Houthi rebels have stepped up missile and drone attacks across the border into Saudi Arabia in recent weeks
Saudi air defences intercepted a Yemeni rebel drone targeting a southwestern city on Thursday, a Riyadh-led military coalition said, as cross-border attacks by the rebels showed no let-up.
The rebels' top political leader, Mahdi al-Mashat, had said on Tuesday that they were ready to stop attacks on Saudi Arabia and engage in dialogue provided it reciprocated and facilitated the flow of aid.
"The drone targeting civilians in the city of Khamis Mushait has been intercepted and destroyed," coalition spokesman Turki al-Maliki told the official Saudi Press Agency.
Maliki denied claims made by the Houthi rebels on their Al-Masirah television that drones targeting the King Khaled airbase in Khamis Mushait had "achieved their goals precisely".
"These are lies," he said, calling the attack "another act by the militias that is akin to a war crime".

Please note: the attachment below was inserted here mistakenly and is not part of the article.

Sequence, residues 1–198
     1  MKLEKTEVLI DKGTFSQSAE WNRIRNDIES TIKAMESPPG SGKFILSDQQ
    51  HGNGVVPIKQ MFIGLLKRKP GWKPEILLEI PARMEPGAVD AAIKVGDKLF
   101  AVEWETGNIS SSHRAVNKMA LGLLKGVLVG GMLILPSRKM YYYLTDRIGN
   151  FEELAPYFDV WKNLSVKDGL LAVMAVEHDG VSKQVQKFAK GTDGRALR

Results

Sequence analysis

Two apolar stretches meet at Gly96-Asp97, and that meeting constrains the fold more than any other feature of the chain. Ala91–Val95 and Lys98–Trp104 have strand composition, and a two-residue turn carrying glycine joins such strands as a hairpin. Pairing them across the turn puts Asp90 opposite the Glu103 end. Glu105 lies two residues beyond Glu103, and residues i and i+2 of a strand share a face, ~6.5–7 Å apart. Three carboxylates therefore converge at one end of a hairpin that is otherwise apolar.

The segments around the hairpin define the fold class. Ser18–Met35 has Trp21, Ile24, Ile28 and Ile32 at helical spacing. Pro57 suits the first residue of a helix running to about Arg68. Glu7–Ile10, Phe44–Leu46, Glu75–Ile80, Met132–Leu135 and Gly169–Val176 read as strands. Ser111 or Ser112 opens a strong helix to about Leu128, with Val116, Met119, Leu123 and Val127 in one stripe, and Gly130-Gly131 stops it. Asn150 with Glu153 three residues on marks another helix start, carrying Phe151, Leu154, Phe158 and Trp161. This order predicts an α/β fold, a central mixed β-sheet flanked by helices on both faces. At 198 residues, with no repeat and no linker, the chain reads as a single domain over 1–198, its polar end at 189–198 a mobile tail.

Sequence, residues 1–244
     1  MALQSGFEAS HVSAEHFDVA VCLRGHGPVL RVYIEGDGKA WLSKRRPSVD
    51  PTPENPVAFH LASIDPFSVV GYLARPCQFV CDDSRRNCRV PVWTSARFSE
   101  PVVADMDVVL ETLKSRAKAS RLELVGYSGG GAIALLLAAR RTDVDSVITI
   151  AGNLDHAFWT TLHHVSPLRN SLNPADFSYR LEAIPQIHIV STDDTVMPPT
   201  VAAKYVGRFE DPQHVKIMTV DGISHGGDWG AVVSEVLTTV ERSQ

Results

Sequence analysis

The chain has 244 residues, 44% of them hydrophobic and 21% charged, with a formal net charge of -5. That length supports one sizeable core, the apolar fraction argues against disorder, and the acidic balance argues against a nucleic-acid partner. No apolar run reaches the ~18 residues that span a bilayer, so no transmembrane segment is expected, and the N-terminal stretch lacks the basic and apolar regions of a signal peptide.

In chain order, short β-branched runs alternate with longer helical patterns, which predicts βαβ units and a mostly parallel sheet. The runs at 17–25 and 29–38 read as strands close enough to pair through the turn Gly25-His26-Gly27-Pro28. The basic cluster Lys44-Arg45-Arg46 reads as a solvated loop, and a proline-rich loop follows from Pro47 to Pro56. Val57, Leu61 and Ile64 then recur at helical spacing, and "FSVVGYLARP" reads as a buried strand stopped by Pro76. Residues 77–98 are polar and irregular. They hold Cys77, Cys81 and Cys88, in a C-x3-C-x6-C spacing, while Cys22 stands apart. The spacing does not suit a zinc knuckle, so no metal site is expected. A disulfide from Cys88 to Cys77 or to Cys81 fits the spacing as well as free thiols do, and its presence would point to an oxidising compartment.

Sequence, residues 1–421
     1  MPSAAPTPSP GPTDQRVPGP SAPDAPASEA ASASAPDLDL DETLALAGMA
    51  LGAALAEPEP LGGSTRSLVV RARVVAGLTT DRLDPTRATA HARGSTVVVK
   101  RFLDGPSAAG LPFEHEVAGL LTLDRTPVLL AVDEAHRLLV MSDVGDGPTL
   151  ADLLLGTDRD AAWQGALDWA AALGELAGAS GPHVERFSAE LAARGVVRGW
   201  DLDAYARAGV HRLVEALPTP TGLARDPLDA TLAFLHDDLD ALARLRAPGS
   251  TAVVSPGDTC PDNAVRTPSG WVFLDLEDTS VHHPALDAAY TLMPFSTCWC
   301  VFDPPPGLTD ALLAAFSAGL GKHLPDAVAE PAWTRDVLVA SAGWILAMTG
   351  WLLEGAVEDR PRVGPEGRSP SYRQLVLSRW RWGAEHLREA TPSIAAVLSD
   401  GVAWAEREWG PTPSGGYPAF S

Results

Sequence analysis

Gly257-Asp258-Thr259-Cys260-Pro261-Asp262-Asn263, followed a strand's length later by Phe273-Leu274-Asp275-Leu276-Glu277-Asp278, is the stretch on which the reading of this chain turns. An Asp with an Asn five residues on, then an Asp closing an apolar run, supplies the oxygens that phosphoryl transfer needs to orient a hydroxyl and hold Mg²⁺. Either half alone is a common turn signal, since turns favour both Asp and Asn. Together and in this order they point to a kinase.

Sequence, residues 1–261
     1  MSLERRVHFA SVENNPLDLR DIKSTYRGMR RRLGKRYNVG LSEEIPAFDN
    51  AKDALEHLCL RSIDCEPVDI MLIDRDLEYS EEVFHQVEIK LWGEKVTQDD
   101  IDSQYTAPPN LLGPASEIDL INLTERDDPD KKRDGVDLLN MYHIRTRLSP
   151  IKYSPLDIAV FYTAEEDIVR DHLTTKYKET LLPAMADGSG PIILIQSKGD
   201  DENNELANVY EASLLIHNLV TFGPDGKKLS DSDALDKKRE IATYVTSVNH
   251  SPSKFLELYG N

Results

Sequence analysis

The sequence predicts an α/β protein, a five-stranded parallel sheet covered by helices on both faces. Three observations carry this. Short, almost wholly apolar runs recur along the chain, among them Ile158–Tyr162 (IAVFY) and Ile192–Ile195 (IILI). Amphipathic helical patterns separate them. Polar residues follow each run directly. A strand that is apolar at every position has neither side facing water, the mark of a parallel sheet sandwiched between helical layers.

The Houthi rebels - who have faced persistent coalition bombing since March 2015 which has exacted a heavy civilian death toll -- have stepped up missile and drone attacks across the border in recent weeks.
Nine civilians were wounded in a July 3 Houthi attack on Abha airport in the south of the kingdom, the coalition said.
A June 12 missile attack on the same airport wounded 26 civilians, drawing warnings of "stern action" from the coalition.
And on June 23, a rebel attack on Abha airport killed a Syrian and wounded 21 other civilians, the coalition said.
The raids come amid heightened regional tensions as key Saudi ally the United States presses a "maximum pressure" campaign against its arch-rival Iran after withdrawing from a landmark 2015 nuclear deal between major powers and Tehran.
Saudi Arabia has repeatedly accused Iran of supplying sophisticated weapons to the Houthis, a charge Tehran denies.
The coalition intervened in support of the Yemeni government in 2015 when President Abedrabbo Mansour Hadi fled into Saudi exile as the rebels closed in on his last remaining territory in and around second city Aden.
Since then, the conflict has killed tens of thousands of people, many of them civilians, relief agencies say.
The fighting has triggered what the United Nations describes as the world's worst humanitarian crisis, with millions displaced and in need of aid.